It’s a New Year. A clean slate. As every day is, really. But there is something profound about both this day and, for me, my own birthday. They are both “New Years” and both feel full of promise for the future and mercy for the past – even the past as close as the night before. All is forgiven and I can begin again.
I am thankful for that. And what else?
- I am thankful that, as I lie here in my second-hand flannel sheets (bought from a thrift shop – I love flannel), coughing and sputtering all over myself until my head aches, that I have clean, cool running water a mere few steps away. What a soothing balm over the last few days as I’ve succumbed to a dreadful cold.
- I am thankful that I am back in touch with my family. I haven’t been able to say that for a few years. I am thankful that my brother’s death, like his life, was not for nothing. My step father always said that my brother was “the glue” or “The Godfather” than held our family together. The tragic loss of him has certainly proved that statement true. Out of respect for him, we’ve laid down our swords and are doing our best to simply love one another.
- I am thankful that I have a husband that is really second to none. Our love transforms the others weaknesses into strengths. Through my husbands eyes, I see all my previously perceived flaws and foibles as blessings and powers. Through my eyes, my husbands suspicions that he is unique, special, and meant for something wonderful are all affirmed. What more could one ask for? (I just phoned him at his mom’s to read this to him and he said, “That’s beautiful, baby.” 😀 )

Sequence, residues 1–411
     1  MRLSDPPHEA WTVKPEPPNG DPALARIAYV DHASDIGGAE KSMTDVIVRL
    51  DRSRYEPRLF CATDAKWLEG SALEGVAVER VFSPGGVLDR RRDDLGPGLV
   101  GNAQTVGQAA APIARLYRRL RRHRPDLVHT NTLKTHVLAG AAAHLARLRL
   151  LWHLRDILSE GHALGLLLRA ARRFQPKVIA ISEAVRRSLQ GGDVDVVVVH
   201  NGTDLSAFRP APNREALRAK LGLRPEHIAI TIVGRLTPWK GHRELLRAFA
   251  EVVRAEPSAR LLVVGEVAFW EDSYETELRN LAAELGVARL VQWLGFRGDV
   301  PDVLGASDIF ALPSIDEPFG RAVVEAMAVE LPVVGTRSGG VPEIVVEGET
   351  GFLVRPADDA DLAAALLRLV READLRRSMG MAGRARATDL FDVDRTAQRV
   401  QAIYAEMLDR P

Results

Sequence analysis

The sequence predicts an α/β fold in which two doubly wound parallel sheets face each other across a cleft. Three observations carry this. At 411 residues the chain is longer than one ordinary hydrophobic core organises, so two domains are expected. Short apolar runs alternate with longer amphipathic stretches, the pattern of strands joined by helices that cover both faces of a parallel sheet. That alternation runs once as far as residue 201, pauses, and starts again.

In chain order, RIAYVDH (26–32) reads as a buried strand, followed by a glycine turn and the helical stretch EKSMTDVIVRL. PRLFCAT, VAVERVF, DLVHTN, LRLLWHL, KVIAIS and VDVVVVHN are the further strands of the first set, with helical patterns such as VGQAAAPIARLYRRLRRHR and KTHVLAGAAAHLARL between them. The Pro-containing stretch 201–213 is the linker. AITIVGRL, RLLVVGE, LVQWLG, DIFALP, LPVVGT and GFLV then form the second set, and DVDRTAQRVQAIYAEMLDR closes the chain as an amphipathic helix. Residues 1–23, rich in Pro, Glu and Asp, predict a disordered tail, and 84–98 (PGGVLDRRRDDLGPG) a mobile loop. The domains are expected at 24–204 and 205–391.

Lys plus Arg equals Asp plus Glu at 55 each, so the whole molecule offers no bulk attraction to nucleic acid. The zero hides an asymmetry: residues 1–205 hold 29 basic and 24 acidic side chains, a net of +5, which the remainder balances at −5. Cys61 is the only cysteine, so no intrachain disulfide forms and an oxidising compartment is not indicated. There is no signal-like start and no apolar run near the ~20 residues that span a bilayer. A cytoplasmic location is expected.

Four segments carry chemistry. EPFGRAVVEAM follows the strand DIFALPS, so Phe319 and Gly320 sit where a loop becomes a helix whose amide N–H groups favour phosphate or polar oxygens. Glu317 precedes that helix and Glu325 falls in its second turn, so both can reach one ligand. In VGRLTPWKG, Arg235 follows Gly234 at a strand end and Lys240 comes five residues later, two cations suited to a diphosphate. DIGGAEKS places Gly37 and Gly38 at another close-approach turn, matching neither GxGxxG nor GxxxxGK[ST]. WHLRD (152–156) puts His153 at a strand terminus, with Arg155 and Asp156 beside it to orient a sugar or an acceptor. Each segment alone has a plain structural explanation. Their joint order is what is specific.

- I am so, ridiculously thankful for books! Books, books, books! Biographies and fiction and self-help and spiritual books. All of them. I love, love, love to read books. I have had a great year of books. I wonder what I’ll read this year.
- I am thankful for my creativity, which I have pressed into more in my forties than I ever did before. Probably for a couple of reasons. First, I am less of a perfectionist than I was in my youth. I don’t need to be the best painter, writer, drawer, sculptor, decorator, etc. I just want to have some fun. Second, I have had four years of stability, which is a record for me. When you are with the same mate, living in the same place for awhile, you can afford to start accumulating brushes and paints and beads and papers and things and you can set them out for awhile while you work over days or weeks and it’s no big deal, because you’re not going to have any major relationship upheaval that means packing and purging things that are not necessitities and junking half formed projects and moving on to who knows where.